Coronavirus could threaten voting rights
Given the current upward movement in the number of cases of the coronavirus locally, there are concerns that some Jamaicans – possibly entire communities – could be under government health quarantine orders, restricting their movement and their right to vote should elections be called in the midst of the pandemic.
More than 25,000 persons are said to be currently in quarantine islandwide, with nearly 1,000 positive cases recorded in the island and 13 deaths up to Friday.
Political historian Arnold Bertram said the issue of restricting the voting rights of Jamaicans under quarantine or in isolation for testing positive must be thoroughly explored as the country prepares for a general election.
“Look, there will be no more right time to call elections, given the situation we have with the coronavirus. These are the corona elections and from now on, everything is going to be held with COVID here. So the question is: what are we going to do about those persons who are positive, isolated or in quarantine? Do they not have a right to vote should they choose to exercise it?” Bertram said in a Sunday Gleaner interview last week.
Weighing in on the matter, Queen’s Counsel Michael Hylton said that if the starting premise is that all rights can be restricted, and for good reason, it was reasonable to assume that a COVID-19-positive person would not be allowed to vote.
“If somebody has COVID, I think there is no question that the Government could prevent them from going to a polling station and therefore deprive them of their right to vote,” he said last Friday.
Noting that many persons, such as those incarcerated and those in mental institutions, were unable to vote, Hylton said that the question to be asked is one of justification.
“The question will be: Does preventing the person from voting to protect others’ health, is it justifiable and is that the least damaging solution and, therefore, should you make alternative arrangements where they can vote safely?” he told The Sunday Gleaner. “It’s a very contagious virus, but the medical evidence is that there are precautions that can be taken to prevent transmission.”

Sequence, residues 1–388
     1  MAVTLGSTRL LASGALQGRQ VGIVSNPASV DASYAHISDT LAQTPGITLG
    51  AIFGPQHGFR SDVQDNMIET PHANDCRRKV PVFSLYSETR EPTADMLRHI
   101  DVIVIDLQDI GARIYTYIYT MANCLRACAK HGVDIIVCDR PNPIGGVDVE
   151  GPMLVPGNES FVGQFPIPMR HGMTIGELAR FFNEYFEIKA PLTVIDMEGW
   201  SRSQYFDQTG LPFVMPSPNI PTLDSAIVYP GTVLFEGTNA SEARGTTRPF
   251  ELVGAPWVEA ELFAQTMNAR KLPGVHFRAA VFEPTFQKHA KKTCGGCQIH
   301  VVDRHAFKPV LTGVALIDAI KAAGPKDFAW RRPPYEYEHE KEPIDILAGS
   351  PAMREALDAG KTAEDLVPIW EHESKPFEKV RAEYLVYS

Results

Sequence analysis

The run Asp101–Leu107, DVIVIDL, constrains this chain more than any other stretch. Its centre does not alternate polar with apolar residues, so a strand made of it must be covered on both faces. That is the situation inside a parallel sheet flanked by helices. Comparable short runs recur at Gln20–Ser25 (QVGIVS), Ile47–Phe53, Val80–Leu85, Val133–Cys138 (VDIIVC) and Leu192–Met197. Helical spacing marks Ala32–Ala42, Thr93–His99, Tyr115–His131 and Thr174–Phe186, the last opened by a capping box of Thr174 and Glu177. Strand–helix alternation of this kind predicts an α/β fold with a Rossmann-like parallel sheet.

Public Defender Arlene Harrison Henry said the right to vote was fundamental and all efforts must be taken to preserve it, despite the uncharted COVID-19 waters.
“It is a troubling situation where elections are to be held but communities are under lockdown, and individuals not being allowed the right to vote. Given the nature of the transmission of the virus, then I believe special arrangements would have to be made for communities placed under lockdown,” she told The Sunday Gleaner.
Hylton said a legal challenge could be mounted since the election is not constitutionally due until next year, but this would not necessarily come from individuals with the virus but human-rights groups.
However, he believes it would be unreasonable to expect the electoral officials to be asked to visit persons in quarantine so they can exercise their right to vote.
“I think a court would say, ‘It is unfortunate that 100 or 200 persons lost their right to vote, but it was justifiable’,” he argued.
Harrison Henry agrees that there is the potential for a legal challenge.
“It becomes even more critical if lockdowns are in communities and parts of constituencies that are closely contested and an area or a group of persons are denied that right. And so I agree with the argument that legal challenges can be mounted, because the elections are not constitutionally due until next year,” she argued.
Director of Elections Glasspole Brown said the conditions outlined by Hylton are the stated reasons that could prevent one from voting.
“No individual can be denied the right to vote, except under the conditions stated. So if the need arises, ways would have to be found to deal with the situation that presents. But I don’t know that you can take away the right from anyone to vote,” he stated.
The next general election is constitutionally due next February, but is widely expected to be held shortly.